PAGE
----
I'm now 110 days post-transplant, and – touch wood – so far, so good. My energy and concentration levels are lower than before, and vary quite a lot from day to day. I'm being weaned off the immuno-suppressant and doctors are happier for me to get out and about, which I've been doing and enjoying. They told me some patients start going back to work (building up, rather than straight into 35 hours a week) 6-9 months after transplant; in the meantime, I've tried to make the most of the energy I do have to get on with some little projects of my own, and to get involved in various little things that I can drop out if and when necessary.

    Good luck and all the best!
  • Ok many thanks for all your responses everyone!

    Time is drawing closer now and I'm due to be admitted to the Christie on the 23rd of this month to start conditioning. You all seem to have had reasonable experiences for what you've been through. Your comments have helped to ease my anxiety a little. On my last appointment I had to sign the consent form for the transplant and the Doctor pointed out that there is a 30% chance of death within the first year of transplant! This is alarming for anyone of course for that reason and others I'm still not convinced that I'm proceeding yet. I know I have to be 100% convinced before I commit to it because there is no turning back!

    Hi Peter yes I have spoke with the transplant coordinators I think they know me pretty well because I'm always ringing them with questions and they are very helpful obviously they can't tell you everything though because they just don't know and I've also spoke with a post transplant patient which again was helpful.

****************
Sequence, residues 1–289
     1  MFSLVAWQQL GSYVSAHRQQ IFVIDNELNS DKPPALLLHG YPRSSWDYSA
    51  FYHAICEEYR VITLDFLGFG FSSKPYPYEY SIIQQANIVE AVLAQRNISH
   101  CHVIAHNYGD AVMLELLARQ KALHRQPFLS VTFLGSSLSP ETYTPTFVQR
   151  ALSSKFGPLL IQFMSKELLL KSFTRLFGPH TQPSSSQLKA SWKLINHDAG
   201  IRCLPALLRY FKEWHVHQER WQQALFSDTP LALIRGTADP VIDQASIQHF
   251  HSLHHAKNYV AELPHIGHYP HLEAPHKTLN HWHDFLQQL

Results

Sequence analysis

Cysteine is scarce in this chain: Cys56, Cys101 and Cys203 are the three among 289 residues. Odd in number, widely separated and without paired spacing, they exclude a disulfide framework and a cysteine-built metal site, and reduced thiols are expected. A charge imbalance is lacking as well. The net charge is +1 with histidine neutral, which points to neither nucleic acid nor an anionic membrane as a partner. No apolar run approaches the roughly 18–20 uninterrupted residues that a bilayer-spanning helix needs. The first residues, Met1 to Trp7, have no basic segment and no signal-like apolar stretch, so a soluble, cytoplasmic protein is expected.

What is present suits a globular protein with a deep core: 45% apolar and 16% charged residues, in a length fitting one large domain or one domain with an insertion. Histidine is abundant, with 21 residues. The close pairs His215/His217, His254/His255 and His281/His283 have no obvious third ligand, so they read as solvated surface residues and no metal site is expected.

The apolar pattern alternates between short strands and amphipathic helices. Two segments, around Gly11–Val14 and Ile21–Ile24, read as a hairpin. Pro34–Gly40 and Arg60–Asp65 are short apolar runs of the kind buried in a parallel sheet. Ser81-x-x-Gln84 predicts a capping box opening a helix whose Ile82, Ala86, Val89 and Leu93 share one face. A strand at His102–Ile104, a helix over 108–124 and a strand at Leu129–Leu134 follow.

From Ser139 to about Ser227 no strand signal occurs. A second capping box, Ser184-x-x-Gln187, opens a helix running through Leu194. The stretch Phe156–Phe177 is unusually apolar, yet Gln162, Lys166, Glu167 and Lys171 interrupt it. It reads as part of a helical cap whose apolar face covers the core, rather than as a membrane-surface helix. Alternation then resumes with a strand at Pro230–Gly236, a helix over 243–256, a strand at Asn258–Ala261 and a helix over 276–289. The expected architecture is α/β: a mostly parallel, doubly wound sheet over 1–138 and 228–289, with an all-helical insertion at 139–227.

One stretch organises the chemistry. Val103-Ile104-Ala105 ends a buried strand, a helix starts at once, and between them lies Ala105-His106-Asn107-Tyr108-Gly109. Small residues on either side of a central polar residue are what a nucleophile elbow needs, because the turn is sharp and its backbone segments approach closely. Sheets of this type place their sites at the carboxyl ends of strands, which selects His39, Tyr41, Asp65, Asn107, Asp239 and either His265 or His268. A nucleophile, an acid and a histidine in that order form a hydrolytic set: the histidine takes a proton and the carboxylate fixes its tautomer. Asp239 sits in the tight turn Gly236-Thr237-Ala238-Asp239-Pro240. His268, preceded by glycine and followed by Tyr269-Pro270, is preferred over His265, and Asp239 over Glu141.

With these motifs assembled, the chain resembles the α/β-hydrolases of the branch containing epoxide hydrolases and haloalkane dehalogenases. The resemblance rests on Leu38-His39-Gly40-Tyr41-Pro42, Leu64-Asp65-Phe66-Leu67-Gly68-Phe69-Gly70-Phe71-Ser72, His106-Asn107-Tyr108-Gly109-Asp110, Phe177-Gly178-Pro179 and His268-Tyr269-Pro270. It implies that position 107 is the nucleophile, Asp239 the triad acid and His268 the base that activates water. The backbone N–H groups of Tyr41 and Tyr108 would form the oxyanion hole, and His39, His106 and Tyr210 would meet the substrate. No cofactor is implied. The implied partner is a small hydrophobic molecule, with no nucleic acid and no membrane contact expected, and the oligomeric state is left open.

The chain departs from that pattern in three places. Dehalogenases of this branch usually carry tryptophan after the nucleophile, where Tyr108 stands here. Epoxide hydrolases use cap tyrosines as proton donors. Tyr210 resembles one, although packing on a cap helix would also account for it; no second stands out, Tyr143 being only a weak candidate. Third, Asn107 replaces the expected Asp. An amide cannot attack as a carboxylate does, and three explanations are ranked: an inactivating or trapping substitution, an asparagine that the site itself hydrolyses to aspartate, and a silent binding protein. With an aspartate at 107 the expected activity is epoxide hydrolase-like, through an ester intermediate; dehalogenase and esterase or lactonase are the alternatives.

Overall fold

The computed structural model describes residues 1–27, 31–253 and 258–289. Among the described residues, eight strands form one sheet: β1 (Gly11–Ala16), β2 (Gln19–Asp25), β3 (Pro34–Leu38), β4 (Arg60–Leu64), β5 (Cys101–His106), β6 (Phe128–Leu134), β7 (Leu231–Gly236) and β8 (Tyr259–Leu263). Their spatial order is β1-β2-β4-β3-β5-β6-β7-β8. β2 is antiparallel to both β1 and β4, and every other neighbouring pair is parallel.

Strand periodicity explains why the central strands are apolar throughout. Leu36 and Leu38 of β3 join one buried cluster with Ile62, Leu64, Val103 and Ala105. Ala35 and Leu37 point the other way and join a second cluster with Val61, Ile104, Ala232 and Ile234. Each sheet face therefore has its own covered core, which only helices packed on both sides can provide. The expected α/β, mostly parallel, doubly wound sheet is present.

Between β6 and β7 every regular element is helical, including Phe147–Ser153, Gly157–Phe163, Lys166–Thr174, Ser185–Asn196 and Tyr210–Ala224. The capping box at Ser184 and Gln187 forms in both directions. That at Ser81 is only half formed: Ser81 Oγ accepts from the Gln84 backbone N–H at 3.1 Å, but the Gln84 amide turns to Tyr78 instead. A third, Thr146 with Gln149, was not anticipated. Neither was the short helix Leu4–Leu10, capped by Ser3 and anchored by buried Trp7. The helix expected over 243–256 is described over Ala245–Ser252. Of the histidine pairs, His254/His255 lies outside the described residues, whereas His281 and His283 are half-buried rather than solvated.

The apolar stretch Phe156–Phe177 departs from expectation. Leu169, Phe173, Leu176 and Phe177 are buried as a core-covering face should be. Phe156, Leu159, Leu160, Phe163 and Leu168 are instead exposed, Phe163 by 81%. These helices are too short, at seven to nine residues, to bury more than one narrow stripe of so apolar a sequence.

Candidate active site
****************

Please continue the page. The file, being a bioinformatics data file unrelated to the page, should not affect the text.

edited July 2014

    Hi everyone,

    In the past few months there has been some negative stories in the local media about the Hospital I'm having my treatment at. The Christie has a well respected reputation here in the North west and from what I can gather it's supposed to be one of the top Cancer Hospitals in Europe.

    On the whole I think my treatment has been good but I have experienced a few incidents that have worried me! I'm no expert and I know that no hospital is perfect and of course you can't always trust the media.The incidents have been basic errors and makes me wonder about the transplant and the complexity of the procedure and if basic errors have been made then how will it be when I've had the transplant and I've got to trust them with my life?

    I may be over analysing things but this is one of the biggest decisions that most people will ever have to make and I will voice my concerns when needed.

  • Hi AMB